Adam Kemp, on the mat. Kemp, who has been a nationally ranked wrestler, transferred to Cal Poly when Fresno State shut down its wrestling program. (Photo/Cal Poly Athletics)

As he was checking out, he asked the owner, “How do you get this stuff?”

“And she just went in depth and talked for about an hour,” Kemp said.

Soon Kemp quit his Door Dash job and began searching for stylish furniture he could flip. And he quickly gained a refined eye for simplistic lines, art deco designs, dovetail drawers and walnut.

“That’s all stuff that gets you excited,” he said.

After earning his bachelor’s degree, Kemp, decided to pursue an MBA, following his father’s path, which allows him to take advantage of extra wrestling eligibility.

“I have a business, but I also want to learn the accounting side, learn the legal side,” he said. “A lot of businesses are not well rounded in that way.”

Ben Alexander, director of the MBA program and an associate professor of management, said a master’s won’t replicate the learning experience of owning a business. “Rather, the program will provide Adam with knowledge, tools and opportunities to rethink existing processes, to explore new markets, to scale with greater confidence and to network with students, alumni and other stakeholders who might be partners in Adam’s vision for Thrifty Beaches.”

Finding Treasures

Kemp’s eclectic taste and his ability to communicate well will bolster his success, Alexander said.

“He manages to find treasures across different eras and styles,” said Alexander, who purchased a jacket from Thrifty Beaches. “Adam seems to know every item he sells, and he helps them come alive for customers with their stories.”

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The items Kemp sells are stylish, classy and hip. Recent sales include a Tiffany-style lamp, an Elise vanity and stool set, a 19th century hotel safe and a 1970s swivel chair that looks like it came from a spaceship.

Kemp is buying and selling daily — in between a busy class and wrestling schedule and occasionally helping his dad with wrestling camps.

“I don’t waste time,” said Kemp, who finished the 2023-24 wrestling season ranked #9 in the 174-pound class. “Every section of my day is allocated to something.”

That structured, efficient lifestyle — along with his life experiences and maturity — provides an inspiration to his teammates, said coach Jon Sioredas.

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DOWN TO BUSINESS: Adam Kemp is an MBA student, business owner and nationally rnked wrestler. (Gallery photos/ Cal Poly Athletics, Pat Pemberton, Christa Renee Pfleeger, Jack Sann, JP Vega)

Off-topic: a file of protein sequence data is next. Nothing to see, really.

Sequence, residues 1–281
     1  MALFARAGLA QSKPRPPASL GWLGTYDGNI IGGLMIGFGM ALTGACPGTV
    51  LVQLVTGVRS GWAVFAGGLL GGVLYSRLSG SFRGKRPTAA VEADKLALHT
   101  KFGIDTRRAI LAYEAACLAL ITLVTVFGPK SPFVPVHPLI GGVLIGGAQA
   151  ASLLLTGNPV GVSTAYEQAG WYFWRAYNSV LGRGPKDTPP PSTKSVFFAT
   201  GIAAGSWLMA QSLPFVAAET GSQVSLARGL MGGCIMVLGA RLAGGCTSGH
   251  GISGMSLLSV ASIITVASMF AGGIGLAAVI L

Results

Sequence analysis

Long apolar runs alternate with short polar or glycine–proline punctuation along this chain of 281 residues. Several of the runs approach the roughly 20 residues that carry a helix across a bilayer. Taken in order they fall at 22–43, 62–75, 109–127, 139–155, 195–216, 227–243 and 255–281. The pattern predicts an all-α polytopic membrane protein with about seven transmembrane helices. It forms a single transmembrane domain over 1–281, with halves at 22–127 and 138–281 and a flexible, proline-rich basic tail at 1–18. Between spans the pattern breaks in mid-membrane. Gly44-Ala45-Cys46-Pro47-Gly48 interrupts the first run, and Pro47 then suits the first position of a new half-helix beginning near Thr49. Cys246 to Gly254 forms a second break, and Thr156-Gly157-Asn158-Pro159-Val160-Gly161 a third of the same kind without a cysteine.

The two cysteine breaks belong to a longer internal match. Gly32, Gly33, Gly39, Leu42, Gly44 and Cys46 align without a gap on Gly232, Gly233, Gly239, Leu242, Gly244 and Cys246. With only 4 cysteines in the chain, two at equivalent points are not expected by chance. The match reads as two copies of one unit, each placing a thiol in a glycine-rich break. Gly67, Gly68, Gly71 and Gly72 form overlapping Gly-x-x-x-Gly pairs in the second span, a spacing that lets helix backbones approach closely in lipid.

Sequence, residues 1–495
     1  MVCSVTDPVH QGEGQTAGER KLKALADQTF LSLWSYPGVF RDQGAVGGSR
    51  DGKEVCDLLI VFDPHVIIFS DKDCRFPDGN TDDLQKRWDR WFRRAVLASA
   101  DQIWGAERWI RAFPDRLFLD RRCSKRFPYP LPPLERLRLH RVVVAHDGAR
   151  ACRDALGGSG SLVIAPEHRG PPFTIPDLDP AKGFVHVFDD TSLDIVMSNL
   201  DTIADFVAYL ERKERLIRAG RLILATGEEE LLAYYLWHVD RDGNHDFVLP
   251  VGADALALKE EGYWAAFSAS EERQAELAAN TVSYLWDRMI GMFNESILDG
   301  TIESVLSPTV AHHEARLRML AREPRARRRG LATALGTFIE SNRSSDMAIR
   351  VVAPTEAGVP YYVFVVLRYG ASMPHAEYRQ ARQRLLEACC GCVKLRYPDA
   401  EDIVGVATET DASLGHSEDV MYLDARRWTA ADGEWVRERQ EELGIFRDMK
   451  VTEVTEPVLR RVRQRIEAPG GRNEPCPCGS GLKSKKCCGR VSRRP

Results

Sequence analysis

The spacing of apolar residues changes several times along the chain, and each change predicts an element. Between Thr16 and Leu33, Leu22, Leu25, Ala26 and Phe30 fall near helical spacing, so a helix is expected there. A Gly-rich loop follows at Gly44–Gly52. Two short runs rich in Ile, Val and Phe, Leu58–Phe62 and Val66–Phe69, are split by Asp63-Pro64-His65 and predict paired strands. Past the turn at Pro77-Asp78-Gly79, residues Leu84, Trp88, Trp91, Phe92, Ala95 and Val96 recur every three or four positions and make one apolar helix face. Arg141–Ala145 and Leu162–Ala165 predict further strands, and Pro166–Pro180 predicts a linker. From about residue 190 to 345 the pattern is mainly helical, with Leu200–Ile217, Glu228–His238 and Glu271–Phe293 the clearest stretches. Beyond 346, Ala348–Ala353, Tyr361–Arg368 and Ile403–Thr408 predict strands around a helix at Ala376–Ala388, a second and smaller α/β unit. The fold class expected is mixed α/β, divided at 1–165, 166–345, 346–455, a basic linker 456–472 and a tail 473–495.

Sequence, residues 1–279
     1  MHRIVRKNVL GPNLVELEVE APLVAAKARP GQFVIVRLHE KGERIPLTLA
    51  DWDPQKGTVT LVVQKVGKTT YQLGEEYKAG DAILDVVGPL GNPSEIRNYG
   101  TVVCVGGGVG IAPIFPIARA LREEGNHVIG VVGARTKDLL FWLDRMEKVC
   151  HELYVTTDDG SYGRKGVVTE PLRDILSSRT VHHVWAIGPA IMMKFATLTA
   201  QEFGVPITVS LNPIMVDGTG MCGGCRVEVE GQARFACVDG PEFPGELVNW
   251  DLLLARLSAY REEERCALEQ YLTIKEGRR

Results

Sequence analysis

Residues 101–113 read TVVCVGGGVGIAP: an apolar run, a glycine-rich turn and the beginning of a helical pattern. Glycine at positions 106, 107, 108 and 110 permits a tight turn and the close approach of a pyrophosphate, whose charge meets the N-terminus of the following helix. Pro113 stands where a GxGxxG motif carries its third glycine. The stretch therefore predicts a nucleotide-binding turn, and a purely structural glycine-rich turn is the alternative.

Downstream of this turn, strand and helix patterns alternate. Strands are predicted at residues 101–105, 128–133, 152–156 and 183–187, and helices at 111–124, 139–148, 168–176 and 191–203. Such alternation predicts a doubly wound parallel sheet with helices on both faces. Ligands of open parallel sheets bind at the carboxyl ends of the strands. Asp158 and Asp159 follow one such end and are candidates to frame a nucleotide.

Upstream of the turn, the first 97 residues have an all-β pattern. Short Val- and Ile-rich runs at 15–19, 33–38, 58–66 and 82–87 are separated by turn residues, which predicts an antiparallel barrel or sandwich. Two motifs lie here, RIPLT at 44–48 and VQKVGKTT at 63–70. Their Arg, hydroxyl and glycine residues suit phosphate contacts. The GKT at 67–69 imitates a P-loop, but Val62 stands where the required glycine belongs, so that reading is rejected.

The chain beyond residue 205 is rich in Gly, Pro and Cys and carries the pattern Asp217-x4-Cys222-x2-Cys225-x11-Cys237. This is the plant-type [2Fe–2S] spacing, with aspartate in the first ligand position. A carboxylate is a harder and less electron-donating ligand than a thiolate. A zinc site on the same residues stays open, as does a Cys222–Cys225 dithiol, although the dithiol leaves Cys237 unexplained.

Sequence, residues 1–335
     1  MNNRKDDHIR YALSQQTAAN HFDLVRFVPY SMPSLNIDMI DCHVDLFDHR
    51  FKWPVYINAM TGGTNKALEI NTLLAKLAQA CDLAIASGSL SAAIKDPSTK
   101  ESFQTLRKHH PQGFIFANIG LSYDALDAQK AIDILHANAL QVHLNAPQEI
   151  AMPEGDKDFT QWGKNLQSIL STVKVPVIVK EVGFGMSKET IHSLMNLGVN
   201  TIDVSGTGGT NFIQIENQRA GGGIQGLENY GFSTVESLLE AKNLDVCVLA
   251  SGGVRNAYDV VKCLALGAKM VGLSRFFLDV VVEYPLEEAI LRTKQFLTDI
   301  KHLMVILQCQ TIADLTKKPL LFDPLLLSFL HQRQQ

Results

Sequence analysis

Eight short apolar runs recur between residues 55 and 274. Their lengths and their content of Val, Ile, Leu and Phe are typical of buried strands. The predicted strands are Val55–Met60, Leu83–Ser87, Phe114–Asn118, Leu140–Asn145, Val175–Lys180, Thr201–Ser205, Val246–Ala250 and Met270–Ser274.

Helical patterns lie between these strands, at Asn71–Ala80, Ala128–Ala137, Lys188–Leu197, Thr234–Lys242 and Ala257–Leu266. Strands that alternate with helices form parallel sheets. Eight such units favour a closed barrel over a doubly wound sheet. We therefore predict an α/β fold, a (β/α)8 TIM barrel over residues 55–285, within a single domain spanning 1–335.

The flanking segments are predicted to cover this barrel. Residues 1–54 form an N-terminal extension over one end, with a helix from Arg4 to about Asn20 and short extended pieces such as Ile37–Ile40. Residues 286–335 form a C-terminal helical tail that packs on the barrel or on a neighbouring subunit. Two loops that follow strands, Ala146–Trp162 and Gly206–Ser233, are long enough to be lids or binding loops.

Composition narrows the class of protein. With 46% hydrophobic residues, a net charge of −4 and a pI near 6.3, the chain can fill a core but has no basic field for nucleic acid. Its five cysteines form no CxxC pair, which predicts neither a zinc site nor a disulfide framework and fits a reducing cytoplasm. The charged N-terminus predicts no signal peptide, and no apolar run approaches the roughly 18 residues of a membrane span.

“He is very methodical and thoughtful in his approach to the sport,” said Sioredas, last year’s Pac-12 Coach of the Year. “This is different from most, as the norm is to put your head down and push forward. Adam puts a lot of thought into why and how to continue to improve and progress.”

As he seeks to improve his wrestling record — his goal is to become an All-American — he also strives to up his business game, which will eventually require hiring employees.

“I have to ask myself: Is this a business or am I hustling?” Kemp said. “I want it to be a business.”

He typically sells to individuals who reach out to him via Instagram, and he sells at antique fairs and the clothing pop-ups. While the furniture tends to sell to more established adults with money, his clothing mostly appeals to college students.

While meeting with a panel of Black business owners, Adam Kemp gifted San Luis Obispo Mayor Erica Stewart a newspaper with the headline “March of the Poor.” The march, led by Coretta Scott King, featured Black women calling for equal rights. (Photo/Courtesy of Adam Kemp)

At Dexter Lawn, Kemp worked the pop-up with his girlfriend, Maria Trott.

The first time they featured a pop-up, Trott said, it was so busy, it became unmanageable.

“It was like a swarm of people,” she said. “We couldn’t see anything.”

On a good pop-up day, Kemp said, they might sell 200 items.

In September, those items included a unique Christmas sweater. Coutin, who bought the sweater, walked over to the pop-up during a break with fellow math majors Kelley Lam and Stephen Cook.

The pop-up featured bomber jackets, a Miami Dolphins jersey, Cal Poly sweatshirts, hip shoes and more.

“Some of the clothes here are more unique,” Cook said. “You don’t really get that at Target or regular clothing or retail stores.”

Coutin, who has purchased multiple Christmas sweaters from Kemp, was especially proud of this year’s pick, previously owned by a Christine.

“I like the story I can tell when I’m wearing it,” he said.

Kemp can appreciate that quirkiness.

“Why not? Life’s supposed to be fun,” he said. “I kind of like people who go against the grain with what is cool societally in terms of fashion.”